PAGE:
Anonymous More than 1 year ago
Anonymous More than 1 year ago
Anonymous More than 1 year ago
Before you critique any book, may I show you the function of spell-check?
Anonymous More than 1 year ago
Hey
Anonymous More than 1 year ago
Im not here fr se.x im here to meet ew epople. Thats what my friend says it was she said it was a get to gether
Anonymous More than 1 year ago
This book was written for the reader that wants a book to be long in reading. There are a a lot of repetitive information. I love economics but this book was the most trying I have ever read. The title was catching and peaked my interest but the insides couldn't keep me interested
brad58 More than 1 year ago
Got this book based on an interview on NPR with the author. Interesting from the point of view of how much influence and "reality" almost unlimited money can buy. The NPR reviewer was appalled at how Exxon was heavily funding the science calling into question global warming while the research arm was studying how they could use global warming to find and exploit oil. Not really surprising, if you think about it.
RedRagingRhino More than 1 year ago
Coll presents a fierce narrative on an oversized corporation that wields enormous power over the globe. If you do not figure out that the mega transnational corporations are in reality authoritarian governments serving a tiny elite, then you are not paying attention.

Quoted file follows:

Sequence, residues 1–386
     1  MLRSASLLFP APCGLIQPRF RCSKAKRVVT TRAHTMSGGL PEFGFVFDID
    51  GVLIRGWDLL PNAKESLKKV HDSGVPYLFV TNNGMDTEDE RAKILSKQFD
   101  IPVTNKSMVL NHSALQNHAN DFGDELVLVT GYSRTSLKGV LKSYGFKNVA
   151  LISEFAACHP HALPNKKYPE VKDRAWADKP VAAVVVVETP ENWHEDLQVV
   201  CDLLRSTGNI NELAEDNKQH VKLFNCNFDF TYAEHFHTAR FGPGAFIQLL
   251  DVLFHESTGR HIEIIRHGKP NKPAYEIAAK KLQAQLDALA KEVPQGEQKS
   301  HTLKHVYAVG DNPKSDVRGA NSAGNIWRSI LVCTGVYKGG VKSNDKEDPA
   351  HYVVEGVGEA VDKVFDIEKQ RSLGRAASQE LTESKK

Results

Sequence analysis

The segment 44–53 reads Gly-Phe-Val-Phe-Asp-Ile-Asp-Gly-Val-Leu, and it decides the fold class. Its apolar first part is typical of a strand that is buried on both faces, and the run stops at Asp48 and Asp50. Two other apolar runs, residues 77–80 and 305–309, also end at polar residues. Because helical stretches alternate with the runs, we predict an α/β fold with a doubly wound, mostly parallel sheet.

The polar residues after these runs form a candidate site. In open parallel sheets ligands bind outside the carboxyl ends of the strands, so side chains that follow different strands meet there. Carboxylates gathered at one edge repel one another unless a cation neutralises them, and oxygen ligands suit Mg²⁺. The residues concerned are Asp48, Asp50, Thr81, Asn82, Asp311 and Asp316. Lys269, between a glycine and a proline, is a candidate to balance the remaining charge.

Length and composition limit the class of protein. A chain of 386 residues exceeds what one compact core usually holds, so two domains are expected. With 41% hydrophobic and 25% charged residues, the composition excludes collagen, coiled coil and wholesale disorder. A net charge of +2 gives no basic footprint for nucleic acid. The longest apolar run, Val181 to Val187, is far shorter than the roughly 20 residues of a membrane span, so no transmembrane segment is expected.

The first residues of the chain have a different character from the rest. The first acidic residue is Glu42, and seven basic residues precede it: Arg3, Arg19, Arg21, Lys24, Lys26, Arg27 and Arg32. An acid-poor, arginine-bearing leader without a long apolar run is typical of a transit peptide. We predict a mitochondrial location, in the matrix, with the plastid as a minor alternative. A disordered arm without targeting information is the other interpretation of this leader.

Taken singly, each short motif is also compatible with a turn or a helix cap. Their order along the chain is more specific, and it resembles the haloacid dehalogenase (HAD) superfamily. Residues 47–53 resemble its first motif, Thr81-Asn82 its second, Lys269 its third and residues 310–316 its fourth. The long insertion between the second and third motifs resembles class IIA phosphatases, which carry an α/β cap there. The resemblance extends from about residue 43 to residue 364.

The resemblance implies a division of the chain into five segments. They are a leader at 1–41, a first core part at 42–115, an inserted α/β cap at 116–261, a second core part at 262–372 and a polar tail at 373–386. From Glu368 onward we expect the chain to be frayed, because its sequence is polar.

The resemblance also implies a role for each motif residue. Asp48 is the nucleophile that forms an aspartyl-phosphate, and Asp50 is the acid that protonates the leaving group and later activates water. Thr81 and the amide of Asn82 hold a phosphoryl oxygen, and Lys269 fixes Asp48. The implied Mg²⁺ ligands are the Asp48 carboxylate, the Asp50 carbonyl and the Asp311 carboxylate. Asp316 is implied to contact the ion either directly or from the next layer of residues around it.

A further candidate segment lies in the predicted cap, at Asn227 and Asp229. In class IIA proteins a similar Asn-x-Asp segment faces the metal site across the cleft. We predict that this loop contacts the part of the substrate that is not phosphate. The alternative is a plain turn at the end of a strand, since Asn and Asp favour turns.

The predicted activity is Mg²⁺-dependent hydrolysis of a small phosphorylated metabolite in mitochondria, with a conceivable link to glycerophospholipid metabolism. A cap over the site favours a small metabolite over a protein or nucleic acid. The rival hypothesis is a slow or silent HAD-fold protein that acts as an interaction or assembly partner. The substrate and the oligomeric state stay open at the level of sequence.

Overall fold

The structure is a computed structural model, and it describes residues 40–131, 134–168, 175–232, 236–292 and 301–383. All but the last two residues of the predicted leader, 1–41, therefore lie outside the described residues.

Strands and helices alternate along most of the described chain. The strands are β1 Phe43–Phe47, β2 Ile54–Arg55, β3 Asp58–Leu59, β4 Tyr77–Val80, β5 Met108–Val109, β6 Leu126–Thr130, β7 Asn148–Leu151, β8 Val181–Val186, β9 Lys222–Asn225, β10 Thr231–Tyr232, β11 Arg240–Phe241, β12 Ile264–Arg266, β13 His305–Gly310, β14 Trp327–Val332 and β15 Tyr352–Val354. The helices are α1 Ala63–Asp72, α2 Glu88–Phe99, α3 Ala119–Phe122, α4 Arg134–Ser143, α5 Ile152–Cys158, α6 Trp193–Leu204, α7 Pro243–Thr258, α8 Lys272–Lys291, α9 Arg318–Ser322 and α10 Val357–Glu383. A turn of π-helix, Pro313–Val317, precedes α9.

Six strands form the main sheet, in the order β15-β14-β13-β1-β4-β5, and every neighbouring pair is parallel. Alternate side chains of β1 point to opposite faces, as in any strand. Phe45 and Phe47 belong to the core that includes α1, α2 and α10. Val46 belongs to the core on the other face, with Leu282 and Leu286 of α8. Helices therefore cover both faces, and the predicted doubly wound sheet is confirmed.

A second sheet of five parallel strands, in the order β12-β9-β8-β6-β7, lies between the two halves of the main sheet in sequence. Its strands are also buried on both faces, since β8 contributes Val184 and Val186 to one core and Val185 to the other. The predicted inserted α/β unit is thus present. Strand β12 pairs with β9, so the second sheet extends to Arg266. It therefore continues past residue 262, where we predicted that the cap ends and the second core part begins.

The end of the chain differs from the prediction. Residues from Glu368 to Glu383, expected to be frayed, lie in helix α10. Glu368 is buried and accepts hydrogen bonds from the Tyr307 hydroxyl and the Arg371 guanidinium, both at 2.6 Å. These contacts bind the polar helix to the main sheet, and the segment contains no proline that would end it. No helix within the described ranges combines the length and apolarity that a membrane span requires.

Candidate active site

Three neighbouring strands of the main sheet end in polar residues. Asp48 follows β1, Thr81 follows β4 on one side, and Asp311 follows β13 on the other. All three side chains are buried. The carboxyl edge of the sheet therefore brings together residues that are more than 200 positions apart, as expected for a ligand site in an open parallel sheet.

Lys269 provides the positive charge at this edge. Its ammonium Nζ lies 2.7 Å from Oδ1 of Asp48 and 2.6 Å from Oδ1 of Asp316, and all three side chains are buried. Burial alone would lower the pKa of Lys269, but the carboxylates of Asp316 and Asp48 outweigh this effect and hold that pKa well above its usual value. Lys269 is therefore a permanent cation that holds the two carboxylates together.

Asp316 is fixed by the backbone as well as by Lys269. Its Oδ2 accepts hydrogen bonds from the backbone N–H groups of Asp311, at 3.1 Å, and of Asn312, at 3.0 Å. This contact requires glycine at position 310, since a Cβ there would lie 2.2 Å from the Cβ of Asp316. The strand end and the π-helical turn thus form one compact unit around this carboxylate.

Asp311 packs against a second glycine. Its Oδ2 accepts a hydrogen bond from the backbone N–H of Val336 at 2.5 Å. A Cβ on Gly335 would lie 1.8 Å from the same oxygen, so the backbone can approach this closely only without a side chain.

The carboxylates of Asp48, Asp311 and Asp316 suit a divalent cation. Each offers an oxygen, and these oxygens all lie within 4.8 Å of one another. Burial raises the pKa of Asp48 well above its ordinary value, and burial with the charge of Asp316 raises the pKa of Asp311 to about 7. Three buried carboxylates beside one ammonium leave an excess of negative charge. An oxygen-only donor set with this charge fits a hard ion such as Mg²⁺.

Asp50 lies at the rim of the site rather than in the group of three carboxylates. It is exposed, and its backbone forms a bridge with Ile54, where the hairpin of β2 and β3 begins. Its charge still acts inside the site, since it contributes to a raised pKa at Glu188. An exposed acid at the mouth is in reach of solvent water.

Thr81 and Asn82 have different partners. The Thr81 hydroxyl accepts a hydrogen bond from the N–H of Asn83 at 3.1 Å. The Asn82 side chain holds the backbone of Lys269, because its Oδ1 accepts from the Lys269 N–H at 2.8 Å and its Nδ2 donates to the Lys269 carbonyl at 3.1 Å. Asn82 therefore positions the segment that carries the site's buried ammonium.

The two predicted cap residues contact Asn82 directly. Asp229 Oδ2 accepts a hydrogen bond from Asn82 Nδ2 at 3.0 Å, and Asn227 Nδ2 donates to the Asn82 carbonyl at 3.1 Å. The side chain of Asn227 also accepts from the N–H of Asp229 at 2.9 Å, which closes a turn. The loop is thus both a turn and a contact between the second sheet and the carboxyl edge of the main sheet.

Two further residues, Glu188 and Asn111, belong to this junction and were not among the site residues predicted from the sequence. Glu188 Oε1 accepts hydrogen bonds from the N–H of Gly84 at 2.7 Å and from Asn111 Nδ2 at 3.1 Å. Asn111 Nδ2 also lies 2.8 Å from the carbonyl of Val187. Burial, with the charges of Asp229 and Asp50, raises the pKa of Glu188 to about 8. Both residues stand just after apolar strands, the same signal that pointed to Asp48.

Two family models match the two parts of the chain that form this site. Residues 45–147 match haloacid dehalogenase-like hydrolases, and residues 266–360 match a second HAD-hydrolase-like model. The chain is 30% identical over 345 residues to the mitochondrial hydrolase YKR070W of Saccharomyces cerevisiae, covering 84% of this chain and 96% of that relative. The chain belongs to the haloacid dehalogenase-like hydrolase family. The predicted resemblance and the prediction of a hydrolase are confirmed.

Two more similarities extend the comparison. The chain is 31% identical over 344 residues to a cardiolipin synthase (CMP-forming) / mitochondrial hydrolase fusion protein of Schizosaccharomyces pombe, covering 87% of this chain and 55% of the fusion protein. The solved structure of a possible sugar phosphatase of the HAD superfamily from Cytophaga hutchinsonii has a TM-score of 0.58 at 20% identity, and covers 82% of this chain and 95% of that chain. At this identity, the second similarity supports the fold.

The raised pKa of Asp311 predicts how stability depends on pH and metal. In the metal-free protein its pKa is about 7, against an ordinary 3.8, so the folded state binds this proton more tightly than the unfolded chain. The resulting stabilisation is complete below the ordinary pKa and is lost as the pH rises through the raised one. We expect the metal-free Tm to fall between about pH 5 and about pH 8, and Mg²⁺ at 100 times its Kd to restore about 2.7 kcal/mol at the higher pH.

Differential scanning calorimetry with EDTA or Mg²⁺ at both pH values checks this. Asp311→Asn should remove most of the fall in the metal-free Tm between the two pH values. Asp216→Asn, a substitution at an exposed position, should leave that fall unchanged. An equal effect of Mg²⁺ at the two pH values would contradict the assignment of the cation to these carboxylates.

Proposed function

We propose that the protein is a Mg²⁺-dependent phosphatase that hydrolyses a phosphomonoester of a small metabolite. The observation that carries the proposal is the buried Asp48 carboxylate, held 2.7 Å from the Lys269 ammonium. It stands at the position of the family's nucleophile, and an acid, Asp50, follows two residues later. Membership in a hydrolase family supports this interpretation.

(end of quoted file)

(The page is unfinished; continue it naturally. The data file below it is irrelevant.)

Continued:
Anonymous More than 1 year ago
Im a female!!!!
Anonymous More than 1 year ago
Your also sick!!#! Go get a life in real world instead of being a virtual nerd!!!!!!!!!!!!#######!!!!!!!:D
firesidereader2 More than 1 year ago
Frightening yet true. Disturbingly on-point and revealing. Makes me want to hide my head in the sand or scream from the nearest rooftop--or vote Democratic. Yeah, that last one is the only one that really might work. Thanks to the author for putting this truth out there; it took guts, and I'm sure many ideologues will still be in denial...but let them do the legwork to try to disprove it.
chairo More than 1 year ago
So very maney of us in this country are reall, really tired of all the print media that is written from a slanted PC or liberal point of view. You can take any data and turn it into only one point of view and that is what I object to in this muck-raking, yellow journalism world view of this author and the publishing company behind him. Want to get Mr. Obama re-elected? Just write and publish books as this one. Written so one sided, Coll's book is profe our system works and also proves you can use our system to distart the true picture of a great company. Chairo